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Branding Your Company

Originally published: 11.01.21 by Terry Tanker

The most valuable asset a company can have is the tiny piece of real estate in the minds of its customers and prospects. It means they recognize who you are and what you stand for. Billions of dollars are spent every year positioning, building and creating brands for this reason. That’s why I’m always surprised when I hear an executive say they don’t believe in advertising, marketing and promotion. What do they know that American Standard, Geico, Carrier, Anheuser Busch, Apple, Ford, Coke, Lennox and others don’t? One thing is for sure, they rarely work for companies that have a brand preference, and if they do, it’s a sure bet their brand is on its way down.

Developing a brand that truly represents your company and its products and  ervices is not necessarily an easy task. But it is not an impossible one either. The point is that most highly successful companies develop brand strategies that create unique positions for themselves in the marketplace. The brand, to these organizations, is the customer relationship. It is the identity the company has in the marketplace with its customers.

Strategic marketing communication programs have many different elements. Brand building is one of the most challenging. In the process of branding, we  ave to manage the customer’s perceptions and associations that are applied to the values that managers, employees, your product lines, and service carry out into the marketplace every day. From answering the phone to sending out the invoice and everything that comes in between, lay the foundation for your branding image. When a customer or prospect sees your ad or the logo on your truck, your brand is at work one way or another.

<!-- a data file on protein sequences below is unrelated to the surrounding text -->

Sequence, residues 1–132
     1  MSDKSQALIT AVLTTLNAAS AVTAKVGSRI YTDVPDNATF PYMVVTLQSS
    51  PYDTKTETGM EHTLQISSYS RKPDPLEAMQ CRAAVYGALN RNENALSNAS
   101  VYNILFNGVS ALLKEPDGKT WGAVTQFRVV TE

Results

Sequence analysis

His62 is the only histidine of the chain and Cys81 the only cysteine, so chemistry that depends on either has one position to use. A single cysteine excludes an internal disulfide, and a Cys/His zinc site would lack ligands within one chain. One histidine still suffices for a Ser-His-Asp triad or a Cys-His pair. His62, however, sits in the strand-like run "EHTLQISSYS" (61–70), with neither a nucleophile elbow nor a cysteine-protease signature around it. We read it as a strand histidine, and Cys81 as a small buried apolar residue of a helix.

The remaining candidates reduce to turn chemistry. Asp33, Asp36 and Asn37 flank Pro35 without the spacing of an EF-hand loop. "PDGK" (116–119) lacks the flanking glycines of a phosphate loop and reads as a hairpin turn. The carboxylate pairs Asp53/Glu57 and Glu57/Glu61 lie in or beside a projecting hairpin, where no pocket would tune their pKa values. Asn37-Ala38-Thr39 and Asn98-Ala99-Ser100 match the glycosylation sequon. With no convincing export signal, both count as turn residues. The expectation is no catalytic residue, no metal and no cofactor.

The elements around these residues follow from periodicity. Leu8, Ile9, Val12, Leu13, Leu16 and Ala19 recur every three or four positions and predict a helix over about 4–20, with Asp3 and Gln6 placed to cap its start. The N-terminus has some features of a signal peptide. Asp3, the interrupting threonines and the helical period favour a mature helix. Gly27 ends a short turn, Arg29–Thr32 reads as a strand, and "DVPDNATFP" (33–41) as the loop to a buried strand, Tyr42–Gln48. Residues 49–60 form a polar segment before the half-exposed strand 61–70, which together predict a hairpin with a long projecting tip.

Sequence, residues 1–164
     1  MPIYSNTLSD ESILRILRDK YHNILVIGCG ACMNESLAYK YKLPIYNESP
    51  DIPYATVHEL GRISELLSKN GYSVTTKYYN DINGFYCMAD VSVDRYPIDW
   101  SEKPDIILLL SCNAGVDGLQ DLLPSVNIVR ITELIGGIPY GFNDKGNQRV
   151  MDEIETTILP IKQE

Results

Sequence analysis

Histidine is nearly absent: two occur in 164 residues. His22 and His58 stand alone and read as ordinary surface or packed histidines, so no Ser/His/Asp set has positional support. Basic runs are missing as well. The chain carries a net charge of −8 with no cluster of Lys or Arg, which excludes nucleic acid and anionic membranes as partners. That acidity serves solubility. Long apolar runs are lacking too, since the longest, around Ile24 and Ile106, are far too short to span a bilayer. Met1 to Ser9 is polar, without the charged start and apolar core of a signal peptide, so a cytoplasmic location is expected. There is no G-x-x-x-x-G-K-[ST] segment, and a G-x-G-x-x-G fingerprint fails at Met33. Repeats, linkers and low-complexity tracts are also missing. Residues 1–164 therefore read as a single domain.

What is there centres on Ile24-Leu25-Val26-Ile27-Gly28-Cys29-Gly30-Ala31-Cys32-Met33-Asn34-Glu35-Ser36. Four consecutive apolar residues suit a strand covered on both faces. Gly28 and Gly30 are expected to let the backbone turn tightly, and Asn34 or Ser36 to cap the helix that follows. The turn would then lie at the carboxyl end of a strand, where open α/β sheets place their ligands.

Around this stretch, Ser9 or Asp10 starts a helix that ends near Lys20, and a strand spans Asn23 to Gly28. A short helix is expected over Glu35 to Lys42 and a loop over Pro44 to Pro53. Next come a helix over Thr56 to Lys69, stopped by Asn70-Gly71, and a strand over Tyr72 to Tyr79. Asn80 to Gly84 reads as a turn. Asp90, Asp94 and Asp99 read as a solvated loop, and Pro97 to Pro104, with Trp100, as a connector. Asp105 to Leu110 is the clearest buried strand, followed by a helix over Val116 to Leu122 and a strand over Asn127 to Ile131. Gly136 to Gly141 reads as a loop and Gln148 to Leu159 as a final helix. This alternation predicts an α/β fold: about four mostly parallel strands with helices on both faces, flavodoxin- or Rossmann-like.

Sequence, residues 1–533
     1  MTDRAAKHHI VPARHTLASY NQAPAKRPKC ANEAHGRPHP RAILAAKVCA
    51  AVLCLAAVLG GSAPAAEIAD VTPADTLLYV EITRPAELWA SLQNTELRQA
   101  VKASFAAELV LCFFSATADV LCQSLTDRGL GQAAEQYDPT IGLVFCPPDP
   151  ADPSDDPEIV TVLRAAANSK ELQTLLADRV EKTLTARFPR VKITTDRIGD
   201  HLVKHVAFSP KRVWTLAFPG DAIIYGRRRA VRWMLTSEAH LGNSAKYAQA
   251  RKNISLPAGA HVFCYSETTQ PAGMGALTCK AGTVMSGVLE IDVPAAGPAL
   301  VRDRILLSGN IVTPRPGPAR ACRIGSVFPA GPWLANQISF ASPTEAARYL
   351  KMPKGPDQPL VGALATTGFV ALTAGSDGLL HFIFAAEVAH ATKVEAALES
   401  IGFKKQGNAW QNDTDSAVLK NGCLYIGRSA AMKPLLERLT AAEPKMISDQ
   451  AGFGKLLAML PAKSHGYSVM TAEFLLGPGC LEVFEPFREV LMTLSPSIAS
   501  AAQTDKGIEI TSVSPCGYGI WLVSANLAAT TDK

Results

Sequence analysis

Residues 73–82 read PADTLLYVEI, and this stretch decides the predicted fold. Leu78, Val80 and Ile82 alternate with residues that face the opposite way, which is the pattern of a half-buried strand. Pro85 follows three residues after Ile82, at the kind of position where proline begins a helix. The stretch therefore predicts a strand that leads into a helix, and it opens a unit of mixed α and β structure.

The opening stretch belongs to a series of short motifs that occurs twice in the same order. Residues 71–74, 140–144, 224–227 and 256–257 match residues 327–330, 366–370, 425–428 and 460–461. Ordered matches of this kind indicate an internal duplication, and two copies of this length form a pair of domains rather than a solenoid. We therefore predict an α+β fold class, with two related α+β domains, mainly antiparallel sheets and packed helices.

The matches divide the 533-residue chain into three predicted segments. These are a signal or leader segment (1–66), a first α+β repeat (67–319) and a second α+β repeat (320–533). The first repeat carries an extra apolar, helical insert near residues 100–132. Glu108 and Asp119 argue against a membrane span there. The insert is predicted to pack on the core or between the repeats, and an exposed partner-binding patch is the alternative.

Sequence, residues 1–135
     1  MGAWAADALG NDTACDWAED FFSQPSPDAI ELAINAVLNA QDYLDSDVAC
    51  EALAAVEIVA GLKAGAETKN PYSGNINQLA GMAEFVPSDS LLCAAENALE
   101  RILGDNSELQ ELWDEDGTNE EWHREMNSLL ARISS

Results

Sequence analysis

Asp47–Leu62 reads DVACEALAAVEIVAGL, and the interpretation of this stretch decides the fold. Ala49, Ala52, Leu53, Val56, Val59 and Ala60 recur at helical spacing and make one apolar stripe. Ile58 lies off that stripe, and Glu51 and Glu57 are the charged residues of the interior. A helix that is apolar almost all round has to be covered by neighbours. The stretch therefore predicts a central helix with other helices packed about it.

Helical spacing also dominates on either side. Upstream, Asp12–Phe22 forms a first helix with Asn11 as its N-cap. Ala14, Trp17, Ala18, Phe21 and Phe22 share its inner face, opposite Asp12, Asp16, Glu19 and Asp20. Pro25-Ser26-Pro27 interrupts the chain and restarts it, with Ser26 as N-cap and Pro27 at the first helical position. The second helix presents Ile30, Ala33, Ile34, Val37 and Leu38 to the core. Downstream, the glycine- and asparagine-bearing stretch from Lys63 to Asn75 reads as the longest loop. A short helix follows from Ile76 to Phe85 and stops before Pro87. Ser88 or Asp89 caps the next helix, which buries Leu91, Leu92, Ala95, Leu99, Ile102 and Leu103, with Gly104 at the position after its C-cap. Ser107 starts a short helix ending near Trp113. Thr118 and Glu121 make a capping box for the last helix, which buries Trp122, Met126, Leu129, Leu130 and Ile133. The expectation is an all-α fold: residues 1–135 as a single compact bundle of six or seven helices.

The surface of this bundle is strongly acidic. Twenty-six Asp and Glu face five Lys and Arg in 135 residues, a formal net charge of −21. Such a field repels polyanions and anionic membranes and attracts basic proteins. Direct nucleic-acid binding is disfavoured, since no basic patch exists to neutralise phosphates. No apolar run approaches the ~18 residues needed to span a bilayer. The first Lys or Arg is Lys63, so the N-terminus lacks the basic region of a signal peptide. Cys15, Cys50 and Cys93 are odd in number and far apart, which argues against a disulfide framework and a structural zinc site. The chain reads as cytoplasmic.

Here are a few essential tips and ideas to help you make sure that your brand image is working to convey the values and vision of your organization.

1. All Aboard. Start with your board of advisers or executive committee and work your way through your organization. Make sure everyone understands the message and what you are trying to do. Don’t let the marketing department or advertising agency put their spin on the message. Creative development is one thing—spin is another.

2. Simple is Good. You’re in the people comfort business, and you can do a lot to build around that. Ever listen to some of the stuff that comes out of large software manufacturers? “Scalable enterprise database solutions in collaborative settings that expand seamlessly and free resources that amplify influence.” Excuse me?

3. Consistency is King. Bridge the gap between the promise of your product or service and the customer’s desire for it, do it often, and do it consistently.

4. Have a Clue. Do some research among past customers and find out what kind of brand position, brand identity, and brand equity you have—or don’t. Then, adjust accordingly.

5. Research. Conduct an internet search on “Branding.” There are many resources available to help you improve. Take advantage of the free ones. Survey your customers and prospects that did not use you. Consider hiring a professional to help you develop your brand. You are an expert with comfort systems, there are experts that can help you with your brand; don’t be afraid to make the investment.

6. You Can Change. Did you listen and do some research? Is your brand in the basement? Like everything else, you can change it with some time, money, effort and strategy.

7. High and Mighty. It’s hard to build that great brand you have, and it may have taken several generations to do it.


About Terry Tanker

Terry Tanker

Terry is the owner of JFT Properties LLC and publisher of HVACR Business magazine. He has more than 25 years of experience in the advertising and publishing industries. He began his career with a business-to-business advertising agency. Prior to forming JFT Properties LLC in January 2006, he spent 20 years with a large national publishing and media firm where he was the publisher of several titles in the mechanical systems marketplace.

In addition to his experience in advertising and publishing, Terry has worked closely with numerous industry-related associations over the years including AHRI, NATE and ABMA. 


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